He could go through the strategy of electric cars in the coming years. Or specify clear goals for expanding mobility services. Such topics would fit perfectly in taking over the duties of the President of the Board of Daimler. But Ola Källenius preferred to make a big, far-reaching whole. Ten days before the Daimler Annual Meeting on May 22, the successor of Dieter Zetsche said that in the future he would want to focus much more on climate protection.
Until 2022, production of Mercedes's personal cars in Europe will be completely CO2 neutral and Källenius announced a new route just before taking over duties. By 2039, the new Daimler Executive Director announced, the Švabica fleet should be completely neutral with CO2 – from production to operation. Suppliers will in the future have to produce their parts with as little CO2 as possible. To ensure that these goals are pursued steadily by the administration, part of the fees to the Executive Board will in the future be linked to achieving sustainability goals.
Daimler's boss as a climate protector? This change should meet with many green-minded Germans to a healthy dose of skepticism. So far, automotive companies are not necessarily the key to ecological problems. Although the industry has been struggling for years, their factories, at least in Europe, are working reasonably to conserve resources and water. However, from a diesel fuel scandal, the automobile industry had to accept charges for green rinsing – not without justification.
However, the EU and the Paris Accord are in balance with the industry, and by 2030, CO2 emissions from new cars in the EU would fall by an average of 37.5 percent compared to 2020. Until 2050, the German economy will operate largely neutral to CO2 – ie it will not ignite additional greenhouse gases in the atmosphere. This is the intention of the German government in accordance with the Paris Climate Change Agreement.
Green themes are becoming increasingly important to car makers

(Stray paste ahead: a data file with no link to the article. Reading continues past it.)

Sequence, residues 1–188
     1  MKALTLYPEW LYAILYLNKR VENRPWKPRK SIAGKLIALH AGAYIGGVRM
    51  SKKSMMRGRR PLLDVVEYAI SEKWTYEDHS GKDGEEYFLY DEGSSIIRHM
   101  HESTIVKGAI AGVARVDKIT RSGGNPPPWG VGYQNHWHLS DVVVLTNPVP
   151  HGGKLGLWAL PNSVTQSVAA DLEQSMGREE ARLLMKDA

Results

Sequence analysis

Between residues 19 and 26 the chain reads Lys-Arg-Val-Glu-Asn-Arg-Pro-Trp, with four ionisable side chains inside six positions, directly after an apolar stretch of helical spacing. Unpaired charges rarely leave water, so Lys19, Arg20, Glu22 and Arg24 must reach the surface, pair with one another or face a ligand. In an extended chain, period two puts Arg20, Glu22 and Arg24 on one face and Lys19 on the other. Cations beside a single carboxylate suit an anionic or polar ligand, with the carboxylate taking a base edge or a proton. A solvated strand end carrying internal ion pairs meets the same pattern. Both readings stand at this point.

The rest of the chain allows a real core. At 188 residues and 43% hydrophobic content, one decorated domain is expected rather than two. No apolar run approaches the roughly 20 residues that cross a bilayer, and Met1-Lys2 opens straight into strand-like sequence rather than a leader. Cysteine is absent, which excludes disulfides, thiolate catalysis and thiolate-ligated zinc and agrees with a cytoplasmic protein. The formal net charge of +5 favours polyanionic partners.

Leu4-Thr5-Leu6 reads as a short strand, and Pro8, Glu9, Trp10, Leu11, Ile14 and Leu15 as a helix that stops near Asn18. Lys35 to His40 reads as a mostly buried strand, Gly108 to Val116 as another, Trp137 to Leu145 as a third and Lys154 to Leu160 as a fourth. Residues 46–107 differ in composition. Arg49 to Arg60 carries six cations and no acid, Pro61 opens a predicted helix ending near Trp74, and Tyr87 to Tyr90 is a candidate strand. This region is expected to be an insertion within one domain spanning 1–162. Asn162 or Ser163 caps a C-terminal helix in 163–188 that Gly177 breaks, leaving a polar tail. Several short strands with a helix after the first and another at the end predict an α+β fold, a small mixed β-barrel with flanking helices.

If car makers fail to achieve these goals, they face severe penalties – and beyond that, with heavy loss of reputation. All this has to avoid managers if they want to keep doing business well. Although the other sectors are still worse in the climate than car makers: the energy industry with its coal-fired power plants is so high on the list of climate sinners as steel producers, building materials manufacturers, or aviation. But the automotive industry is now the most important German industry and is therefore in the public eye.
In the case of personal cars, widespread electrification with a hybrid and clean battery should in the future save the balance of the CO2 fleet. But German manufacturers also know that this will not be enough for consumers in the future. Sustainability and environmental protection are no longer marginal questions for eco-motivated, but have long been in the middle of society. Car buyers no longer want to know how many CO2 emissions a vehicle emits per kilometer in the air. They also want to answer the question of how much – or even better – a little CO2 emissions in the production of their cars.
So far, car manufacturers have been happy to report water saving and green electricity use in their plants, but they prefer not to let CO2 emissions. One of the reasons is that steel works in large car factories. So far coal is needed almost everywhere, which endangers the overall balance of CO2 in the car factory. However, moving with e-cars seems to be things on the move. Large German manufacturers are obviously struggling to manage their car plants with less CO2 emissions – and they take a lot of money into their hands.